Lukashenka's inauguration: why all the secrecy?
Lukashenka has been sworn into office for a sixth term in an unannounced ceremony. The event was not broadcast live on television, as is usually the case, and the announcement that it had taken place only came afterwards. Was this confirmation of his status as a dictator alienated from his people or a clever move that prevented violent excesses?
Fear of insults and disgrace
For Echo of Moscow the inauguration is an admission of weakness and of lacking legitimacy:
“A president for whom - according to the official version - 80 percent of the population voted and who is opposed merely by a bunch of drunkards and troublemakers on the payroll of the US and Poland has sneaked into office like a thief. ... Because he was afraid he would be chased out of the palace in disgrace if the public got wind of his inauguration. Lukashenka fears his people so much that the ceremony wasn't even aired on television. Instead of the president, a spokeswoman read his oath [as the images of his inauguration were shown without sound]. Perhaps she'll now take over from Lukashenka? After all, unlike him she dared to pronounce the oath publicly.”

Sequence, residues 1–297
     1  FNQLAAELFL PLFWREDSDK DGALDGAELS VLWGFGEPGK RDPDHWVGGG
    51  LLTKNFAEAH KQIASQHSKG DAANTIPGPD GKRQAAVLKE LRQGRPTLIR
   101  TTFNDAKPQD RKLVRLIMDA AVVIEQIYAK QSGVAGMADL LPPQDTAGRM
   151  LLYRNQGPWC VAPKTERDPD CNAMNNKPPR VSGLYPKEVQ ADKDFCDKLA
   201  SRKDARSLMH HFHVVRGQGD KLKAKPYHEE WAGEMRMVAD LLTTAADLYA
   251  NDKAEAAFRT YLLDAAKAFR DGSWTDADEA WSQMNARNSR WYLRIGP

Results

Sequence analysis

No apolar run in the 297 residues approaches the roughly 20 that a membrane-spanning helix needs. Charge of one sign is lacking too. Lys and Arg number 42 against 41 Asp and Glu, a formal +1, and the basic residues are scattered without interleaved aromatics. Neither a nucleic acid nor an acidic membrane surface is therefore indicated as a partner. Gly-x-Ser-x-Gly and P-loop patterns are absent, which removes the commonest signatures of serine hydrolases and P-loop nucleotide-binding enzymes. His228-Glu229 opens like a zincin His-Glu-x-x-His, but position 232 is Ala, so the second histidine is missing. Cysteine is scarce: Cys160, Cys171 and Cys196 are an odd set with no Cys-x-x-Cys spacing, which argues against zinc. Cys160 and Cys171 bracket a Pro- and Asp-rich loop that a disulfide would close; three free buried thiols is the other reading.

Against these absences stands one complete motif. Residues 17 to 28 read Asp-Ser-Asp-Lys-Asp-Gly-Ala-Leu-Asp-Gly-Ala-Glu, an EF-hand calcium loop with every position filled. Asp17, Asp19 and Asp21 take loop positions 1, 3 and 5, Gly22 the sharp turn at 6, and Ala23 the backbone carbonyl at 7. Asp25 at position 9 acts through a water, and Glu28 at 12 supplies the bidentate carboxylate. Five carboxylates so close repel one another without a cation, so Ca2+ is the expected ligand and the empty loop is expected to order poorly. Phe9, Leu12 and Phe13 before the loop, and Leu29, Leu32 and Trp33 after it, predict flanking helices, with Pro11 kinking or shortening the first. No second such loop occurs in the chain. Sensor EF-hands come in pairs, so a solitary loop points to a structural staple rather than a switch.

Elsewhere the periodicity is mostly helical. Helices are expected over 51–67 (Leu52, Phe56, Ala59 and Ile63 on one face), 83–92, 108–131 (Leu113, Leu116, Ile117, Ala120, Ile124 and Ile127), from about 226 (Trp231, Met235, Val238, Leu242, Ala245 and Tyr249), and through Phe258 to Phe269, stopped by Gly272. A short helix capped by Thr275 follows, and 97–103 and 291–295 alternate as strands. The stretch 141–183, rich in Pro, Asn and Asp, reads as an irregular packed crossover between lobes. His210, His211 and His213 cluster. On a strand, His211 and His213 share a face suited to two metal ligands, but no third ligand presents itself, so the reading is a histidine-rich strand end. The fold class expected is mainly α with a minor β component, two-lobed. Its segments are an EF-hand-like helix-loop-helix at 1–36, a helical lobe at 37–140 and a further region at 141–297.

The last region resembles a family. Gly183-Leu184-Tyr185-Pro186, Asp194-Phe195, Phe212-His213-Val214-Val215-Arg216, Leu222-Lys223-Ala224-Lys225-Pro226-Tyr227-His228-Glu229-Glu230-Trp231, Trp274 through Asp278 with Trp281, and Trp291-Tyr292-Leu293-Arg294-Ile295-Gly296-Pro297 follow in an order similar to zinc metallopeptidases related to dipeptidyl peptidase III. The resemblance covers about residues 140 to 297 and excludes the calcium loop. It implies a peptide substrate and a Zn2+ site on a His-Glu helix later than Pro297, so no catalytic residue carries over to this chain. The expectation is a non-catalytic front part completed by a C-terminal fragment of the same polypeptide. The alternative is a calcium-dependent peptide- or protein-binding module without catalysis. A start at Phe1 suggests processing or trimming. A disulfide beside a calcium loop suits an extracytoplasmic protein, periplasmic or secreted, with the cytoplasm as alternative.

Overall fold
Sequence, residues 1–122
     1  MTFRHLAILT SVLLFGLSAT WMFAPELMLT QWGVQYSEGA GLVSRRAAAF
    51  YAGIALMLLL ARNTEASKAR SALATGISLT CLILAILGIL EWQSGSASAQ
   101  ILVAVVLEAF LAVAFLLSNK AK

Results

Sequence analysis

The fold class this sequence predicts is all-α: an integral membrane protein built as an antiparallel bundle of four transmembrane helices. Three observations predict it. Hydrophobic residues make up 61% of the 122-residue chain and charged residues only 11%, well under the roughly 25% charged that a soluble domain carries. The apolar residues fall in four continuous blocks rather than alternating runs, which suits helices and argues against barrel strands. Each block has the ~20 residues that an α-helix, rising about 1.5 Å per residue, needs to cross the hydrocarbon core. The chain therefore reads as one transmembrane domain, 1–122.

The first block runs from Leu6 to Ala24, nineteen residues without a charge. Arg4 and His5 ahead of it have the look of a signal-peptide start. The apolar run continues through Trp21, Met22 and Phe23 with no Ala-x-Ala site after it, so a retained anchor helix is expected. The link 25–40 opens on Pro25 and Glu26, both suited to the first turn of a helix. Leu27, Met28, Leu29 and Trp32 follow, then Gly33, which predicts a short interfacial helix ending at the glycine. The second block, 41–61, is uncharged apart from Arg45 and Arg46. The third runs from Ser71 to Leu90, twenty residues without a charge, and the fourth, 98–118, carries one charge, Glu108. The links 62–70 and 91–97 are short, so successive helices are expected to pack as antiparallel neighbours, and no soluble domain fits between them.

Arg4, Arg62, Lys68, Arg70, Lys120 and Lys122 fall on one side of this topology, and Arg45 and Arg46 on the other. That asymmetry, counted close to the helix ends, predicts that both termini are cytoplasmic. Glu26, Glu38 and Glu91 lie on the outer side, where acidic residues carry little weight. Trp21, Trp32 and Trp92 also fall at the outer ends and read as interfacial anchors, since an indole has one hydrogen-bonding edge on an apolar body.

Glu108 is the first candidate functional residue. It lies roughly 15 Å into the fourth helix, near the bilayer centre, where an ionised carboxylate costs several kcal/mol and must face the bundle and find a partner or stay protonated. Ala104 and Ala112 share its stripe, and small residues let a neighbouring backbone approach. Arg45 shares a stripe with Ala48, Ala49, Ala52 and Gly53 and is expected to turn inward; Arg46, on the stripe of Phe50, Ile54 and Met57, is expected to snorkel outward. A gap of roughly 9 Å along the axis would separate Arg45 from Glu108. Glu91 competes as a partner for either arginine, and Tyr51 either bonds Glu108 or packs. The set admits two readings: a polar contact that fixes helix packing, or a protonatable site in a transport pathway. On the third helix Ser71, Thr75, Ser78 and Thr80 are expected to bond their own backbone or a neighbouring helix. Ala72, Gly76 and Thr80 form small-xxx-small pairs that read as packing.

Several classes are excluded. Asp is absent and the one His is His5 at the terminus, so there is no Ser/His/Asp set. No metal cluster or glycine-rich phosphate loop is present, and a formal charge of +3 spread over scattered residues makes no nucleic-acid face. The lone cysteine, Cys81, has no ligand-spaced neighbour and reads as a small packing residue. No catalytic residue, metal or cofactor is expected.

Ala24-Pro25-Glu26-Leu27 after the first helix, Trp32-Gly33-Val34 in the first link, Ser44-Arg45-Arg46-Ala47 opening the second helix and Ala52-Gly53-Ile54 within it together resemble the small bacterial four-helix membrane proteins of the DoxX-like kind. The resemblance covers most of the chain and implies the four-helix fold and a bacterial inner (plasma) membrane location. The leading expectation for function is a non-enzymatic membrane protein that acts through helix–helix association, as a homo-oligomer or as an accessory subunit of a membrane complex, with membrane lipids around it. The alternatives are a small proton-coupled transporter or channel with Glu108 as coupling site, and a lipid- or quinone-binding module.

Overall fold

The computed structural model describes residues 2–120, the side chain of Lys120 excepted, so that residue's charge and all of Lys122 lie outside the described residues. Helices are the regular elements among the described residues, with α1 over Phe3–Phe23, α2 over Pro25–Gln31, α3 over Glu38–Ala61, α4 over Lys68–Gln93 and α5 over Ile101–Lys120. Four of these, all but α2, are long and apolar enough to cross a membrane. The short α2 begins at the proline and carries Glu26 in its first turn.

Clever move against the opposition
For the pro-Kremlin website Vzgljad the rushed ceremony is a wise move:
“The opposition was placing much emphasis on the inauguration because it would have been a prominent occasion on which the people could be gathered and the fight made sacred - for example by escalating the protest and ensuring that it culminated in street battles with victims. ... Then Lukashenka's inauguration would have been associated with bloodshed and a broad-based protest organisation could have been established on this basis. ... But 'Batka' thwarted the plans of his opponents and left them no time either to escalate tensions, prepare the population ideologically, paint banners or invent slogans.”